Ecosystems of the Rainforest
Inside the tropical rainforest, thousands of different species of plants and animals live in one of the most important ecosystems on the earth.
Tropical rainforests are located between the Tropic of Cancer and the Tropic of Capricorn, which lies along the equator in continents including Asia, Australia, Africa, South and Central America and the Pacific Islands.
The tropical rainforest receives anywhere from 80 inches of rain to as much as 430 inches of rain per year, according to Mongabay.com, an environmental and conservation website dedicated to rainforest preservation.
Because the rainforests are close to the equator where the sun shines most directly, the temperatures are very warm. However, the cloud cover and the amount of humidity due to the large amount of precipitation help to keep the temperature reasonable.
Five vegetative layers exist in the rainforest — the overstory, canopy, understory, shrub layer and ground level. The tall trees of the rainforest make up the overstory. Because of the height of the trees, the climate they live in is different than that inside the forest. The canopy is the thick layer of leaves that act as a shield from the sun.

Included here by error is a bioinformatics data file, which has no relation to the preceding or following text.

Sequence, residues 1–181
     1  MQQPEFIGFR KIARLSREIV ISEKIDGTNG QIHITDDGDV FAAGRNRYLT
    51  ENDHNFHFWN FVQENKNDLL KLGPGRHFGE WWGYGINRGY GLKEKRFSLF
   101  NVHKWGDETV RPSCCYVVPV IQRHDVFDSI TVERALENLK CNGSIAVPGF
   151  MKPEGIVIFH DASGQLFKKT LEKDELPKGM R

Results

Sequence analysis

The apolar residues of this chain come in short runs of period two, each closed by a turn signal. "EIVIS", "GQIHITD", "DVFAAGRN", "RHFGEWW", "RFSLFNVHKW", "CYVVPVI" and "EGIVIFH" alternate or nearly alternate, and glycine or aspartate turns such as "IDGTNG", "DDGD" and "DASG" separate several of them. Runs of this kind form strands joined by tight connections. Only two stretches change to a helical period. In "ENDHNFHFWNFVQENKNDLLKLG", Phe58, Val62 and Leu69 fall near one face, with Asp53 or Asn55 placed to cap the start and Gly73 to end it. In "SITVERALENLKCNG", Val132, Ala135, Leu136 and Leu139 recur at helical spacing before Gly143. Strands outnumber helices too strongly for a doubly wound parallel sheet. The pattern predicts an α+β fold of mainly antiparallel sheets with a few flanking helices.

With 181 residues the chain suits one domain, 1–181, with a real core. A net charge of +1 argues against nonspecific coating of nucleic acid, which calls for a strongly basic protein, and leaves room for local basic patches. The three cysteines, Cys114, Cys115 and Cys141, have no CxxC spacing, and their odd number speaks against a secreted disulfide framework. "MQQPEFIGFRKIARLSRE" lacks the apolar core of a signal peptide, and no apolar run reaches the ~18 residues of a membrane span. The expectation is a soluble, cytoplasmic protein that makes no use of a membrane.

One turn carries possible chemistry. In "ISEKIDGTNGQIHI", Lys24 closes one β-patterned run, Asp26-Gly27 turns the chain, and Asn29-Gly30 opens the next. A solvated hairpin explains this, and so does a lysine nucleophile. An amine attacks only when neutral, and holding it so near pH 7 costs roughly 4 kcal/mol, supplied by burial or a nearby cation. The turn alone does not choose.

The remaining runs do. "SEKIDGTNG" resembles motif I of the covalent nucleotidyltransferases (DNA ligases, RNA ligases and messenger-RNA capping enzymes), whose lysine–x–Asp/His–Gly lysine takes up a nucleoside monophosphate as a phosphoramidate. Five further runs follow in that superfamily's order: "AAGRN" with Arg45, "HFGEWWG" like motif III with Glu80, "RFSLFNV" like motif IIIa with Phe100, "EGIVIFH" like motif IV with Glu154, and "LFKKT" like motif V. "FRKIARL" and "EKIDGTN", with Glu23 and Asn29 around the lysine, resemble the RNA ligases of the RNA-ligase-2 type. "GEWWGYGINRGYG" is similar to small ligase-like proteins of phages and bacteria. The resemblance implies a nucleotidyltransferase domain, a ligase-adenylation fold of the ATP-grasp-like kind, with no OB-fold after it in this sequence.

The protection allows for both animals and humans to more easily walk through the rainforest, according to The Recycling Facts Guide. The understory consists of the branches and leaves under the canopy, and the shrub level includes the shrubs beneath the understory. The plants on the ground level are minimal because most of the sunlight is kept away from the ground by the canopy. Because of the large rain amounts in the rainforest, the plants adapt to require much larger amounts of water to survive.
The animals in the tropical rainforest make up about 30 percent of the world’s wildlife, according to Rhett Butler, founder of Mongabay.com. The majority of the mammals that live in the rainforest are bats and rodents, but there are many types of monkey and jungle cats as well. There are more than 1500 species of birds that are characterized by bright colors.
The insects in the forest thrive because of the damp climate and make up 90 percent of the animal species there. Butterflies, ants and beetles are the most prominent insects. Snakes and lizards make up the majority of the reptile population in the forest. Frogs are the most common amphibians.
Every plant and animal in the ecosystem is important to the survival of the forest as a whole, according to Pollution Prevention.
If one of the larger mammals is hunted and goes extinct, the small mammals they used to prey on would thrive, resulting in plant loss. Even the smallest loss could lead to damage of the ecosystem that cannot be recovered.